By Ad astra
Recall how you felt when you last fondled a plump avocado, deep green, beautifully formed, slightly soft to the touch, seemingly ripe for consumption, only to find that when your knife punctured its alluring skin and peeled it back you were greeted by grey spots, rotting inedible pulp, and precious little else.
Even as you extruded the big brown seed, hoping to salvage some usable pulp, you found yourself contemplating the few scraps that were not rotten. Not prepared to throw the whole avocado in the bin, you scooped up the scraps, added a little vinegar and mayonnaise, and made a small amount of dip as an evening appetiser. It was the best you could do, but it was a miserable reflection of the uncut fruit that promised so much.
That’s how I feel as I reflect on the performance of our recently-elected Prime Minister.
Not that I ever saw him as a pristine piece of fruit that would delight us all. Many did though. The Morrison PR machine amplified that illusion.
It gift-wrapped him as a regular, slowly-balding family guy in a baseball cap, beer in hand, replete with a big smile – clearly one of us. Experienced in the art of glib talk from his time in tourism, he quickly learned how to deflect hard questions, airily dismissing them with a disarming grin as a product of the ‘Canberra Bubble’ where stupid or inconsequential questions are generated every day by what Morrison regards as hangers-on. Any question too demanding was studiously ignored. In itself, that would not have been disappointing. It would have been just what most of us expect from the political class. What has been, and continues to be so deeply disappointing though, is the gross incompetence, the sheer ineptitude, and the alarming hollowness of Morrison and his government.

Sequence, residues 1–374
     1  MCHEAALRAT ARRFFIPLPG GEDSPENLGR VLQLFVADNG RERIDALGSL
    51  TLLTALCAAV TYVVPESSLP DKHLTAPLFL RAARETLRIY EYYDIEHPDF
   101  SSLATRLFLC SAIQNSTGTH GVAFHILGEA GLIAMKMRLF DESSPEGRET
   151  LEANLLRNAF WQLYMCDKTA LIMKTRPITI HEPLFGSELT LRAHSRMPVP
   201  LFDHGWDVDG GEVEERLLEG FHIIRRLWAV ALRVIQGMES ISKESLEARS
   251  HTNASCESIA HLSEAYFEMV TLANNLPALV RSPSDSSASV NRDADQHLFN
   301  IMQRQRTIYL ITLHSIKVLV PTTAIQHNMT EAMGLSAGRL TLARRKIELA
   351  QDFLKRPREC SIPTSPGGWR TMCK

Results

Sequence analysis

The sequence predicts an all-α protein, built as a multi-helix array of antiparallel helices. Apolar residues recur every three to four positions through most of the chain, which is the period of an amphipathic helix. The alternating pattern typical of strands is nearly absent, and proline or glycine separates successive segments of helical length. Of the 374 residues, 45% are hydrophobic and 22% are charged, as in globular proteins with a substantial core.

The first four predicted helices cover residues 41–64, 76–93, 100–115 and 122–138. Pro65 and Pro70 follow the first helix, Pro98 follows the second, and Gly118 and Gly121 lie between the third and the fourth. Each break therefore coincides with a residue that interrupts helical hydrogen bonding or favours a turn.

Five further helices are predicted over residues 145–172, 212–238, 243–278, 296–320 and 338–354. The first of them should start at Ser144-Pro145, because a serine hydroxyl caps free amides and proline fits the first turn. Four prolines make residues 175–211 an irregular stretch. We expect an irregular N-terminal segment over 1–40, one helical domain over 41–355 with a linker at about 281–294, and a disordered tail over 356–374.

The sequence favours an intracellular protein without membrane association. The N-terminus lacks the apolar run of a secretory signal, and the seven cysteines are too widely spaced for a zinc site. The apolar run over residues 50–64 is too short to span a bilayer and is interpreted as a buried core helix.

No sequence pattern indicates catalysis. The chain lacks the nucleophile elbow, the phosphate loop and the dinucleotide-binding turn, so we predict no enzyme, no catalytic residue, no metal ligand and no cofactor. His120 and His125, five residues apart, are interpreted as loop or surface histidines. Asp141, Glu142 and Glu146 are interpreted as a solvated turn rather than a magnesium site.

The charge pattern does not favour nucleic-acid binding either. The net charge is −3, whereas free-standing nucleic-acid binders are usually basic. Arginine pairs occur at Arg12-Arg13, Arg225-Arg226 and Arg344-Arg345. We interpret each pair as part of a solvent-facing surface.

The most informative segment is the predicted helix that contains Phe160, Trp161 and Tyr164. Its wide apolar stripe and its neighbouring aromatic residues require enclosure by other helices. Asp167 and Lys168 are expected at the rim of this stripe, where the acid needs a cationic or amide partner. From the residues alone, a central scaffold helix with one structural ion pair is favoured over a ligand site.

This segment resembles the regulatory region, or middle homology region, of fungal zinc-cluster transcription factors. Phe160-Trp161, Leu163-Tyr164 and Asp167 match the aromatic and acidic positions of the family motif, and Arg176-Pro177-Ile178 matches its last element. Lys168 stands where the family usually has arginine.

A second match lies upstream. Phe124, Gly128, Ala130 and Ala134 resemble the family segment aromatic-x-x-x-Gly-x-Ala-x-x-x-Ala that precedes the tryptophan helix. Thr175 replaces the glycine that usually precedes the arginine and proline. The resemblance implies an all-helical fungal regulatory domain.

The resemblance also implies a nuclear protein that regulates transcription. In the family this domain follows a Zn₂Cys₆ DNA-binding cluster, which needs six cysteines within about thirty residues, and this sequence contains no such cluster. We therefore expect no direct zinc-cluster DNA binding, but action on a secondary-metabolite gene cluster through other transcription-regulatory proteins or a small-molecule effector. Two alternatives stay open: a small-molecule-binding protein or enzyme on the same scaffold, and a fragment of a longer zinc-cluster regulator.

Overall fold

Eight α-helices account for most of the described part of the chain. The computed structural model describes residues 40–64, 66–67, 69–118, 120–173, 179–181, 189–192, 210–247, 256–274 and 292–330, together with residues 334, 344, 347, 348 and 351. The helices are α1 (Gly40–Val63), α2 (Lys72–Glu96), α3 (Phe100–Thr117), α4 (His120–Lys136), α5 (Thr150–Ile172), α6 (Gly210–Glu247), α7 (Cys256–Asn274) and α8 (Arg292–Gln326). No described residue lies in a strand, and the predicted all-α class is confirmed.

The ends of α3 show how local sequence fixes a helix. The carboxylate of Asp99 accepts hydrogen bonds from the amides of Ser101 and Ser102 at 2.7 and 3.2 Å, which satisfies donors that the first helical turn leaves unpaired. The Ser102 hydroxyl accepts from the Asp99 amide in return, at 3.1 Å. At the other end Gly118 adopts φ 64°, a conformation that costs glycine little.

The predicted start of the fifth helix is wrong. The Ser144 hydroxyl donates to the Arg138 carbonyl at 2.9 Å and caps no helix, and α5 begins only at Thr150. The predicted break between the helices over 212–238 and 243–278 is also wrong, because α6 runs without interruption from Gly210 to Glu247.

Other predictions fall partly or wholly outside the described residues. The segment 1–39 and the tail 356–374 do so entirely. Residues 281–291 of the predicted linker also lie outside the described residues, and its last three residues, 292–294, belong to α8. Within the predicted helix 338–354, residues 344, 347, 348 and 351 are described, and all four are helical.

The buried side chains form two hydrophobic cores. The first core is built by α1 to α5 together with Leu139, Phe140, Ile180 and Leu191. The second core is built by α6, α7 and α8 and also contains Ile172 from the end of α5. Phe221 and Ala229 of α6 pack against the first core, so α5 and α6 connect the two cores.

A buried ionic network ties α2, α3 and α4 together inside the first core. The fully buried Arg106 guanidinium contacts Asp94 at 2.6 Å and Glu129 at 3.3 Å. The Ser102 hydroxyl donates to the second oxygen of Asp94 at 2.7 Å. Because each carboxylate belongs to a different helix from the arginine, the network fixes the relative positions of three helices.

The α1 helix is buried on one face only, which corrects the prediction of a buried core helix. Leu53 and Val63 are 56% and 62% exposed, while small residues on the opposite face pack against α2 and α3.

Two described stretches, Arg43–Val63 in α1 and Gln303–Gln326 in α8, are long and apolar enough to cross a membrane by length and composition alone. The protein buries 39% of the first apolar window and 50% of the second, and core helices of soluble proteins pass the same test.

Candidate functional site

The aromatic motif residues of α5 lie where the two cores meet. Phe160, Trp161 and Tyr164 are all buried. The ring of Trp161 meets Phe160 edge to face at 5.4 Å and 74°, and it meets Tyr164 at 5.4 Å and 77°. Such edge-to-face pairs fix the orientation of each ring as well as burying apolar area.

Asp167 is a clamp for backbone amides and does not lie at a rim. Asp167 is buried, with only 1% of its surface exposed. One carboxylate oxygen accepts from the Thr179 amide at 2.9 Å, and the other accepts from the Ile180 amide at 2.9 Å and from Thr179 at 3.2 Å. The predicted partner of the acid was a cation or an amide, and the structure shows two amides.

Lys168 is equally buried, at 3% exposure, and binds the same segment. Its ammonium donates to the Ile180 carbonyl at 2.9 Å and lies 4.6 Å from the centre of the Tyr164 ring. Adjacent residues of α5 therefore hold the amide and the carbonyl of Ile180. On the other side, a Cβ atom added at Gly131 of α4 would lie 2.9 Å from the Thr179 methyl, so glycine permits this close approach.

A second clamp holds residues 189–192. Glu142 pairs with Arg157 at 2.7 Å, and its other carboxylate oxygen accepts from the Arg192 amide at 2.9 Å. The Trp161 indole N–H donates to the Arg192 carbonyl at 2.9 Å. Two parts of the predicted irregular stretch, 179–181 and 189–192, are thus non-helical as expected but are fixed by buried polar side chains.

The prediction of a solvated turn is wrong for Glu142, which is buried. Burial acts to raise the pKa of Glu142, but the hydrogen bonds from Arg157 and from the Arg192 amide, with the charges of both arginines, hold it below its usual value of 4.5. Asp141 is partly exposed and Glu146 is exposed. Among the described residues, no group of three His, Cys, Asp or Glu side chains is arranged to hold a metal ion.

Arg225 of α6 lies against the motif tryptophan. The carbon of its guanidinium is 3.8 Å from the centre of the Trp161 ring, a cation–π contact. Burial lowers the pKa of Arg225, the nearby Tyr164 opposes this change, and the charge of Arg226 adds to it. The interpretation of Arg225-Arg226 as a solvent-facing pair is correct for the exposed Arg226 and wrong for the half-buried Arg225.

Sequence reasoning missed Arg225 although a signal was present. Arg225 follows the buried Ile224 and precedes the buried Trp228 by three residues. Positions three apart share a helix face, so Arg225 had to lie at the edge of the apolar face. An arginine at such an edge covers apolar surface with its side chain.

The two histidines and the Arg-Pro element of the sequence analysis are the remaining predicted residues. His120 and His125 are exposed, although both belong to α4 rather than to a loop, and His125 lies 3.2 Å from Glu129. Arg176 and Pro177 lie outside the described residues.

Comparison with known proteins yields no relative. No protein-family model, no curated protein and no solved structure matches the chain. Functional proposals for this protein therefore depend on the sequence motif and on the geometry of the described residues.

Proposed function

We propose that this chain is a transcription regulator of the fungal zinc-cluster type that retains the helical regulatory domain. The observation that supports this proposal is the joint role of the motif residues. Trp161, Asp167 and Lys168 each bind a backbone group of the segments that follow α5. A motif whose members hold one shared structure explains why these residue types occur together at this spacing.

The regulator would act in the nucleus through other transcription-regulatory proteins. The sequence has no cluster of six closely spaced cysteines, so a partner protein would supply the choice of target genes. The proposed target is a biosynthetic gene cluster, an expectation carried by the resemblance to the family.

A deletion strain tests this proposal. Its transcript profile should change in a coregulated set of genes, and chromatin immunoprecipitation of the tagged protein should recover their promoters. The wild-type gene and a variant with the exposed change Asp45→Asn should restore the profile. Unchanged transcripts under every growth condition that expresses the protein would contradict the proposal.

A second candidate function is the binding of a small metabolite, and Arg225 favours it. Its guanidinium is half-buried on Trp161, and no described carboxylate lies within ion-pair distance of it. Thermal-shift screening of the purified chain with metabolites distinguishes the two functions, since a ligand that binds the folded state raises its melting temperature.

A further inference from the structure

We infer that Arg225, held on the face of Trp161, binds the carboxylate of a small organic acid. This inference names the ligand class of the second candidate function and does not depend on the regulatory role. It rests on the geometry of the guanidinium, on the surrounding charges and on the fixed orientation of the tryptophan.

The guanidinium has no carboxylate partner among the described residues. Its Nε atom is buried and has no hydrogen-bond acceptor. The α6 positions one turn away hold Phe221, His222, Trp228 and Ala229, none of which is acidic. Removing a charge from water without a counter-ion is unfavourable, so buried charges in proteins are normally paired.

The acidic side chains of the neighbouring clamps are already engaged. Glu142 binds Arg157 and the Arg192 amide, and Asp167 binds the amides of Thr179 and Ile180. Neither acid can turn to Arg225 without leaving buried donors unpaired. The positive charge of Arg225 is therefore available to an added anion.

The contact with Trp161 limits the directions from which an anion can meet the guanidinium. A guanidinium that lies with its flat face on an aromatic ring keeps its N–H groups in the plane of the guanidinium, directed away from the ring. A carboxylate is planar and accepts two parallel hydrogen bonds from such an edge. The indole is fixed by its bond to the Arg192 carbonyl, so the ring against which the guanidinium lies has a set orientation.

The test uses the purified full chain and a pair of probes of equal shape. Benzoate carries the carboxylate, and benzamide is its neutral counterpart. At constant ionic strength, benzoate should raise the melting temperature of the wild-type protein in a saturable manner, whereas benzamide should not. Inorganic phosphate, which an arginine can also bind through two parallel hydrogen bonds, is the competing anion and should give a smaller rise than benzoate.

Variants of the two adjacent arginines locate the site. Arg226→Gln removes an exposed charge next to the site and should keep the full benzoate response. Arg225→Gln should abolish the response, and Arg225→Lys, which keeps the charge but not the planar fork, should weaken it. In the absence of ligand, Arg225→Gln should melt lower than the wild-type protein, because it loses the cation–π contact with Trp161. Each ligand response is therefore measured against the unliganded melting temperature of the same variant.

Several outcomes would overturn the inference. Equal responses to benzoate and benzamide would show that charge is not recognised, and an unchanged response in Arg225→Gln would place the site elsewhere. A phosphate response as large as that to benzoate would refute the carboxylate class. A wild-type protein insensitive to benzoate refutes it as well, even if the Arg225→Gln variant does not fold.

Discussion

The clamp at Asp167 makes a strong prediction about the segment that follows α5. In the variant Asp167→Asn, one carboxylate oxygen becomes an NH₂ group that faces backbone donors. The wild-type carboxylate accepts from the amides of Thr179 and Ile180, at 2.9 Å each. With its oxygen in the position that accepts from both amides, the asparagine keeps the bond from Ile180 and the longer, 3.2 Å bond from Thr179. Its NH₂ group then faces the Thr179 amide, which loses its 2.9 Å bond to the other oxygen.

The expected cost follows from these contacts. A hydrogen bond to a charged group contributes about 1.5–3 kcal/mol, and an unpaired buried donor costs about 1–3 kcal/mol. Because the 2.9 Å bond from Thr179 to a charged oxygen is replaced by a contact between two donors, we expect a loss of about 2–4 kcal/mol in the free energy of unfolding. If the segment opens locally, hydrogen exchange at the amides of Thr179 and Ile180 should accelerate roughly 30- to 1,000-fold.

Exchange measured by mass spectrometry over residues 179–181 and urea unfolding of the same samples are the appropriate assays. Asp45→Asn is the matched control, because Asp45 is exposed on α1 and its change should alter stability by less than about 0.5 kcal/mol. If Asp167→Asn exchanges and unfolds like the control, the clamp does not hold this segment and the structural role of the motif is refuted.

We were promised so much more. We were reminded endlessly that the Coalition was a superior manager of the economy, miles ahead of Labor, which we were told was ‘never able to manage money’. Every survey of voter opinion showed that the voters had bought this line, despite Labor’s brilliant management of the global financial crisis. Spin drowned out the facts.
Then along came reality.
For months now the Reserve Bank Governor, Philip Lowe, has warned PM Morrison and Treasurer Frydenberg that monetary policy – lowering interest rates – could not bear the full responsibility for propelling the economy out of the doldrums in which it has been becalmed month after month. He insisted that the government must do some of the ‘heavy lifting’ through fiscal policy. He cited infrastructure spending as an obvious activity that would not only benefit the nation, but in doing so would create jobs, and with it consumer spending which the economy so desperately needs.
Some pointed out that boosting the Newstart allowance would be of immediate benefit to the economy as the money would be quickly spent. That was ignored by a PM and Treasurer obsessed with the surplus they had promised. Nothing was going to deflect them from the pursuit of their ‘Holy Grail’.
Then a sledge hammer hit.
As Glenn Dyer and Bernard Keane put it in Crikey in an article titled: Morrison’s economic mire snares retailers and media alike:
The great Morrison Stagnation besetting the Australian economy has now been recognised internationally, with the International Monetary Fund (IMF) cutting its 2019 GDP growth forecast for Australia to 1.7% (down from 2.8% just a year ago) and revising its unemployment predictions for this year and next.
Scott Morrison is now declaring he “won’t be spooked” into taking any action to help the economy, in the same way a man standing on a rail line refuses to be spooked by the oncoming train. If stagnation turns into a downturn or worse, this do-nothing, agenda-less leader will own it 100%.